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Landscape Thesis 2014 Student Profiles

MLA Thesis Students

The aim of Thesis Studio within Auburn’s Graduate Landscape Architecture Program is to facilitate students’ development of a theoretically sophisticated understanding of the discipline of landscape architecture through engagement in research by design. Students develop this understanding by undertaking a research project that involves creating a new body of work within a theoretical context. Research by design is an open-ended investigation, with blind alleys, slow stretches, and periods of uncertainty, but if the explorations are nurtured with care and rigor, the ups and downs will be understood as necessary episodes in an exhilarating and rewarding process.

Although the thesis instructor provides an overall structure for the studio and a schedule of significant milestones, each thesis project has its own shape and unfolds in its own way. Each students’ individual investigation occurs at multiple scales, locations, and timeframes. Despite the tremendous diversity among each investigation, the studio is collectively testing their topics within the dynamic political, ecological, hydrological, social, and economic condition that makes up the State of Alabama. As with any delineated boundary, the perimeter of this jurisdiction feels absurd at times, but offers the opportunity to engage in shared conversations and related investigations across the studio.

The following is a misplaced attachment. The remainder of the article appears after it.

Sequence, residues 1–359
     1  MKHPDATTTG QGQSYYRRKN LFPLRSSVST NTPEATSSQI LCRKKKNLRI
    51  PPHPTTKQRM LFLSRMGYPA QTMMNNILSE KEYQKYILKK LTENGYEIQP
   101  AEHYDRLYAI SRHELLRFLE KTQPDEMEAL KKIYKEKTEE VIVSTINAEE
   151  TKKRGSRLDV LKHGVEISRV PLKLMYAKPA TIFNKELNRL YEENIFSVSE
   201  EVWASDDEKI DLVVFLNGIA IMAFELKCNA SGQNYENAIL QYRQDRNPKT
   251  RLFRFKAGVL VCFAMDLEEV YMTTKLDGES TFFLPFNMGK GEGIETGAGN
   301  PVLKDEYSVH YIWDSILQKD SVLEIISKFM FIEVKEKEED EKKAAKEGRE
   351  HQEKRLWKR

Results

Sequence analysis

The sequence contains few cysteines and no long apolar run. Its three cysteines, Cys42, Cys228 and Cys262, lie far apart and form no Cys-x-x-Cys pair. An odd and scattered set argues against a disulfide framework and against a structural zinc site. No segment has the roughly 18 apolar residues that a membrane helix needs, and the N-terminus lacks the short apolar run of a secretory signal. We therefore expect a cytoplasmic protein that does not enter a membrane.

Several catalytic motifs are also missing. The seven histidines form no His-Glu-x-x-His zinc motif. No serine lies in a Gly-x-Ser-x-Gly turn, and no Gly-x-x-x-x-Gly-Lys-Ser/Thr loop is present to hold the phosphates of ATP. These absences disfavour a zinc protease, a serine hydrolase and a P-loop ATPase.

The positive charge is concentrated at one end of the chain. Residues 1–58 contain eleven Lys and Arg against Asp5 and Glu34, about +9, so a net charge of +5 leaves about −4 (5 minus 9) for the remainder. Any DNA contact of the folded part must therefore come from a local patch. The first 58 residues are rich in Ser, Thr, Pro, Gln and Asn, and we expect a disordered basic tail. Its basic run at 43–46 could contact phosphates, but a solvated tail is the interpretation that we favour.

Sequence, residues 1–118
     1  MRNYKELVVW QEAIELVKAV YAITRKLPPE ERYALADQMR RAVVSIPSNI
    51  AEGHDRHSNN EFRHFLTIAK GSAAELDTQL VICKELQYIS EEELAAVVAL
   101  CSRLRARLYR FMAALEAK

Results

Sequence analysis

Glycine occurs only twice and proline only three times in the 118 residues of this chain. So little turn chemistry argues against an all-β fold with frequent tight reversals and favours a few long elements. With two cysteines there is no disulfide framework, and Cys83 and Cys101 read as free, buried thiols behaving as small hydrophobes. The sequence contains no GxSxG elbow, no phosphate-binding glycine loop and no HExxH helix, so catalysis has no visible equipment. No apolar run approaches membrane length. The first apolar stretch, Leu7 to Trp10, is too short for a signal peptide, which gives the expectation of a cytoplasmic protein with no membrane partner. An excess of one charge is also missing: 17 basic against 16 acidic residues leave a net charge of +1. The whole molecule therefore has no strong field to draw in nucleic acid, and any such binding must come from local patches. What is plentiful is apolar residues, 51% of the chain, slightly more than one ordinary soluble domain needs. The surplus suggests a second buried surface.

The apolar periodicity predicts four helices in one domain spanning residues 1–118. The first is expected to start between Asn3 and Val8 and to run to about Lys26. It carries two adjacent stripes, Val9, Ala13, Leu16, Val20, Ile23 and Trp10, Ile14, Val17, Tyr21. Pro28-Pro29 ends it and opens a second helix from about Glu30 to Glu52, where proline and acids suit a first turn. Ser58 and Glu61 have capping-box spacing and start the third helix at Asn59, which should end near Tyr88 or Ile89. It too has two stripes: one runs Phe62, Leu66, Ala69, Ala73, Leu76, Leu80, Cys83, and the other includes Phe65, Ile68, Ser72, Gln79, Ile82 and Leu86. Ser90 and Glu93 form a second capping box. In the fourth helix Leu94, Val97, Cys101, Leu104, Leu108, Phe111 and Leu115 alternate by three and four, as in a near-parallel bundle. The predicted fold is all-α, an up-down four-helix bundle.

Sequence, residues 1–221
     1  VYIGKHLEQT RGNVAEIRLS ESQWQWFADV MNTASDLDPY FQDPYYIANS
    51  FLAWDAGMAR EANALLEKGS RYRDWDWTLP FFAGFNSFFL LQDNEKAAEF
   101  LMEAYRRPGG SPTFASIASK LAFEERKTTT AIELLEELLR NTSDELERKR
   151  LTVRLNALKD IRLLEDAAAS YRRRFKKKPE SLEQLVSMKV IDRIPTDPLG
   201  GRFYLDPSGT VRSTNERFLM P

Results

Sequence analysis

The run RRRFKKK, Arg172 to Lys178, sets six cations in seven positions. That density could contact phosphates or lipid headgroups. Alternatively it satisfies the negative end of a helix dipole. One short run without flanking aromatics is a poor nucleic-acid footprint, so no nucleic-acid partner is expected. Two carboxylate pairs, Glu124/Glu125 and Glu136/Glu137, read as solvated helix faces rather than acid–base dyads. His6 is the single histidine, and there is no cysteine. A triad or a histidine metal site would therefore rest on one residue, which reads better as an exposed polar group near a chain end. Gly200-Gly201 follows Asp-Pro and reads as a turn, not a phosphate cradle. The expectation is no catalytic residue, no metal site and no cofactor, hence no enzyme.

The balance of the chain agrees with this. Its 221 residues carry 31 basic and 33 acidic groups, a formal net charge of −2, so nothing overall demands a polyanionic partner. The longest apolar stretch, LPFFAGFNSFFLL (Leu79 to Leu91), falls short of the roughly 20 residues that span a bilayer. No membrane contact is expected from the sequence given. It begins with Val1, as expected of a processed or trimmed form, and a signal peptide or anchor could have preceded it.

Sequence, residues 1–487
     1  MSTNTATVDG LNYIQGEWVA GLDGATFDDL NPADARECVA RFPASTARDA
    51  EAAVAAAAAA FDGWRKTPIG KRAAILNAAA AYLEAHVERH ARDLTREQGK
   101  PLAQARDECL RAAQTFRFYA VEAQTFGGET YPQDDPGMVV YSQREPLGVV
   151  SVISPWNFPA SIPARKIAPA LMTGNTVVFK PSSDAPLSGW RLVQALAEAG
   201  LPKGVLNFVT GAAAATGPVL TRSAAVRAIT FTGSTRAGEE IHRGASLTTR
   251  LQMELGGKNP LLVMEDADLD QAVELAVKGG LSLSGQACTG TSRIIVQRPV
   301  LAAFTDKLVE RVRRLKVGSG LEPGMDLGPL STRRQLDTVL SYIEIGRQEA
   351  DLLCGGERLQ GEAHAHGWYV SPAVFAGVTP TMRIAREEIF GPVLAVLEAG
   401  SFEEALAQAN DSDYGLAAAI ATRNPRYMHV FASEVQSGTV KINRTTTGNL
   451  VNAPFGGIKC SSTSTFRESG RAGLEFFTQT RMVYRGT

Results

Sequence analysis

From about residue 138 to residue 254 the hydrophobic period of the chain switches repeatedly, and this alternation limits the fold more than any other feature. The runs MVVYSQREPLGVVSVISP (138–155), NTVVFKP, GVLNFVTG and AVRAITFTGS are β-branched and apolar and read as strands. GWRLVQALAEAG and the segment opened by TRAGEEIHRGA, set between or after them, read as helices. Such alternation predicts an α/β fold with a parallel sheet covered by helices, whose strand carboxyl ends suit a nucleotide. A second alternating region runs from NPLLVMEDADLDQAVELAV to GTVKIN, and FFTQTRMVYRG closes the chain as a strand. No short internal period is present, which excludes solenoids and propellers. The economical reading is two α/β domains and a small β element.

The MLA thesis spotlight of 2014 shines on two recent graduates of the program: Felipe Palacios and Maria Hines. Both Felipe and Maria graduated with a Masters of Landscape Architecture in May, and both have accrued abundant recognition for their work. In 2014, Felipe received the Alabama Chapter of the American Society of Landscape Architecture’s Student Award of Honor, the Architectural Research Center Consortium’s King Medal, as well as being selected as APLA’s representative for the Archiprix International in Madrid. In 2014, Maria was selected as the MLA Graduate Student of the Year and presented her thesis work at the Council of Educators in Landscape Architecture’s Annual Conference in Baltimore, Maryland. Below are descriptions of each of the thesis projects by Felipe and Maria.

Fluxity: The In-Between Terrain by Felipe Palacios